Governments often face difficulties in mobilizing the support needed to implement policy and legal reforms in the forest sector, usually because of opposition by powerful economic and political interest groups. Such resistance is quite common, as illustrated in the case studies for Cambodia and Ecuador where interest groups effectively prevented efforts to independently monitor illegal operations in the forest sector. Thus, policy makers need to anticipate conflict and find ways to accommodate the diverse interests that will be affected by changes in government policies, laws and institutions.
Policy, legislative and institutional reforms will largely be shaped by power relationships between various individuals and groups. Reforms to foster better governance in the forest sector are unlikely to survive parliamentary debates and behind-the-scene deals unless they can overcome the opposition of those that will lose out if reforms are approved.
It is therefore of utmost importance to map the structure of power groups and individuals likely to have an influence on the approval and implementation of reforms. Relevant groups include those who have political and/or economic power, such as high-level officials in forest and forest-related state bureaucracies (including agriculture, infrastructure development, energy, etc.), forest industrialists, concessionaires and large-scale ranchers/farmers. Other constituencies, which are generally politically disempowered such as shifting cultivators, indigenous communities, and landless peasants may to a lesser extent exert influence in a more informal way, for instance through NGOs and the media. Different constituencies have different values, experiences, knowledge, institutional loyalties, and political and economic power. Power issues are intrinsically linked to accountability issues. The notion of being accountable to someone or some group implies that people with power will acknowledge their responsibility to those who do not. It is important to understand these issues in order to build society's understanding and support for policy and legal reforms.
Analysis of how new measures for forest law enforcement will affect various interest groups can help identify proponents and opponents of reforms (including groups outside the forest sector), who may exert pressure on decision-makers. Assessing and understanding the historical and cultural contexts which shape public opinion is also crucial for ensuring the success of any reform. For instance, some societies may tolerate corruption more than others and therefore government initiatives to control corrupt acts may meet with relatively apathetic public reaction and support.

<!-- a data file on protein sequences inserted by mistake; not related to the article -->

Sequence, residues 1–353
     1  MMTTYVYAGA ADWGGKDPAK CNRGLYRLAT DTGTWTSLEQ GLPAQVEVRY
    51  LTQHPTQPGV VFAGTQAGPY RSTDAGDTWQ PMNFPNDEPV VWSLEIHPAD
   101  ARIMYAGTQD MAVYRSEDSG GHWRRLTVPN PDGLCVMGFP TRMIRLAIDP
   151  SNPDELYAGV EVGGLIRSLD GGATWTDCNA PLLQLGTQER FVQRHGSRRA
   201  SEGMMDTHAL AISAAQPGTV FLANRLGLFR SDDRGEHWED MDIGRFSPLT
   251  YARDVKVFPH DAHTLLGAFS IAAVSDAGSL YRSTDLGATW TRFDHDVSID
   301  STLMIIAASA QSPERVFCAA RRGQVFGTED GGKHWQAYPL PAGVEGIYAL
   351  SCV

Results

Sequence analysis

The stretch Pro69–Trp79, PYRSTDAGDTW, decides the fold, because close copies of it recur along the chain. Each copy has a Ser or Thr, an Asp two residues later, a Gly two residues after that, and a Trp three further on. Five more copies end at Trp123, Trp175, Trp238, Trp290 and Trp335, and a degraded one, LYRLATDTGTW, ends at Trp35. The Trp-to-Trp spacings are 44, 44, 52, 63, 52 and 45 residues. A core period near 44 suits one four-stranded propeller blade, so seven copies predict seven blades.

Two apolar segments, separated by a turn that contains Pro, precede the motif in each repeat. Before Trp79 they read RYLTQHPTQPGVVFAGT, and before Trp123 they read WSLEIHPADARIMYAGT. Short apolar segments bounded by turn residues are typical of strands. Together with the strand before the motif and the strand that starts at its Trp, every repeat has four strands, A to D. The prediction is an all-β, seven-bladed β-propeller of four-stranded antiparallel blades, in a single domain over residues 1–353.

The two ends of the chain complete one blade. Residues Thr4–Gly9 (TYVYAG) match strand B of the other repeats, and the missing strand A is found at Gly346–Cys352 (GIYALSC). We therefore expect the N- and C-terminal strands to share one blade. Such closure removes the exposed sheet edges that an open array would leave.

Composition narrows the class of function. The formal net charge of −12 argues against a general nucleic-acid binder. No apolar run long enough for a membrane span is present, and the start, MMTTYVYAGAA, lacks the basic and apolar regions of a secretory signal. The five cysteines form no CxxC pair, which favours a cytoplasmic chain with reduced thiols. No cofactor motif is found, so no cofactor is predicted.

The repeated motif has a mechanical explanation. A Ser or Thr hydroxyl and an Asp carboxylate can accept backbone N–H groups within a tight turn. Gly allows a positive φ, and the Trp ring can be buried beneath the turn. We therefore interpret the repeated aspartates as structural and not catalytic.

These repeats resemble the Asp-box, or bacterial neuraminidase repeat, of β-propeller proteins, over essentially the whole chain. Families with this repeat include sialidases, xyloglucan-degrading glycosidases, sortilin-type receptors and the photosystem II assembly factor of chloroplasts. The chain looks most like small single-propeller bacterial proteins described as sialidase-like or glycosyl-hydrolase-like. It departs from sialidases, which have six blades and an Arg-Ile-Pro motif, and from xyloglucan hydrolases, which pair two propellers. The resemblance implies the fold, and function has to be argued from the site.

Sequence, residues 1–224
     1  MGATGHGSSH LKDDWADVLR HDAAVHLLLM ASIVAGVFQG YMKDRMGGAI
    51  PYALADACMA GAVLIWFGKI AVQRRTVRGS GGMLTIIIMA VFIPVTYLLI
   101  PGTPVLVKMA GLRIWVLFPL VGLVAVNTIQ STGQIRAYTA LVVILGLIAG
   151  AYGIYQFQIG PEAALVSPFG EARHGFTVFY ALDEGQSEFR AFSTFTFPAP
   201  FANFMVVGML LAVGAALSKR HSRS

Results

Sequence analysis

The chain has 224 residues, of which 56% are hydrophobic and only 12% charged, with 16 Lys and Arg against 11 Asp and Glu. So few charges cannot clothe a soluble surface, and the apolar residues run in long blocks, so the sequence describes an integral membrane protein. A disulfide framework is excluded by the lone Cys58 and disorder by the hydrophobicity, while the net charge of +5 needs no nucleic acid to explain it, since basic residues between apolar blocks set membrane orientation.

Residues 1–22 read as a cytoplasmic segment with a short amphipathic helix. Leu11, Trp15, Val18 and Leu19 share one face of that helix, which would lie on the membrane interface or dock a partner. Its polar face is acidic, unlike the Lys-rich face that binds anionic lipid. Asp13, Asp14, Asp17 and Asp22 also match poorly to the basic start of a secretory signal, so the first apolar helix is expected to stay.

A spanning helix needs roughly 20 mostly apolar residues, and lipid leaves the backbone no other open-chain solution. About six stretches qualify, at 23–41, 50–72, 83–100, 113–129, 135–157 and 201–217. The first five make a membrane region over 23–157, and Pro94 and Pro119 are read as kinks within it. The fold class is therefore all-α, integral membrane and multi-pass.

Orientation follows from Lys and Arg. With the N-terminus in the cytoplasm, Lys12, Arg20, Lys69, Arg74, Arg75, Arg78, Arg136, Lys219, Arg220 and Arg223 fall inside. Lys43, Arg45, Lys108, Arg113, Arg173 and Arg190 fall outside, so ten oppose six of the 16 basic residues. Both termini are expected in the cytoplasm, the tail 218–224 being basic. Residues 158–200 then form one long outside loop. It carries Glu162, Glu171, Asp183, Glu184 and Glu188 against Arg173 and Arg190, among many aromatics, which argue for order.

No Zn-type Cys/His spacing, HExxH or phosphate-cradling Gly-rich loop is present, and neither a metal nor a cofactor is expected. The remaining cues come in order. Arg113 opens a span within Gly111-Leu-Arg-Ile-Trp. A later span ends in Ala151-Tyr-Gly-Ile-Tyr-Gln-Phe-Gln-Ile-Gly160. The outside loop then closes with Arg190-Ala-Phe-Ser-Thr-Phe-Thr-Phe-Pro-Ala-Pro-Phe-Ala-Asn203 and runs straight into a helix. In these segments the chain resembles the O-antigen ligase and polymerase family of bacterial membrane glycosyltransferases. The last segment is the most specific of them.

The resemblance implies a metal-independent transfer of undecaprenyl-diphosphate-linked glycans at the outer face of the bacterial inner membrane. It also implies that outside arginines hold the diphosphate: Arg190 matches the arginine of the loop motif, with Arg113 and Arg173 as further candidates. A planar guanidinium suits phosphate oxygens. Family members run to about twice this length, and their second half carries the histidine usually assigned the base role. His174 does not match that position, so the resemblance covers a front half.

The feasibility of implementing corrective actions in the forest sector depends partly on how intensely costs and benefits are perceived by various actors. Support for law compliance will certainly come from those that benefit from it. For example, the Treasury or Finance Ministry is likely to support reforms if increased respect for the law leads to higher government revenues. Those forest operators who are already following the rule of law will also be likely to support efforts that contribute to creating a level playing field and eliminating illegal competitors. Communities may also support the law if it respects and protects their traditional rights.
Once an analysis has been carried out about how changes will affect different stakeholders, it is crucial to design measures to reduce resistance to change. For example, the Bolivian law which established a single concession fee rate (see Box 28) was strongly opposed by concession holders, and many abandoned large tracts of their concession areas or refused to pay the fee, leading to widespread lack of compliance. A sound economic analysis of how the fee affected the financial situation of concessionaires, of how concessionaires might have organized resistance to the law, and finally of how the system made the forest administration financially vulnerable to non-compliance could have perhaps avoided some of the problems or at least facilitated the planning of contingency actions.
Public opinion is often a key factor in winning political support for new laws and regulations. Public support depends partly on the distribution of costs and benefits arising from law enforcement. The Bolivia case shows that although only a restricted group of concessionaires organized the campaign against the new regulations, their efforts were effective because the public at large did not perceire the benefits of enhanced law compliance. Accordingly, mobilization of political support needs to be anchored in an effort to inform political constituencies and the public of the social benefits resulting from law compliance. Public information and education can be a useful strategy to gain political support for change, although it is usually time-consuming and therefore should form part of a long-term strategy for improving forest sector law compliance.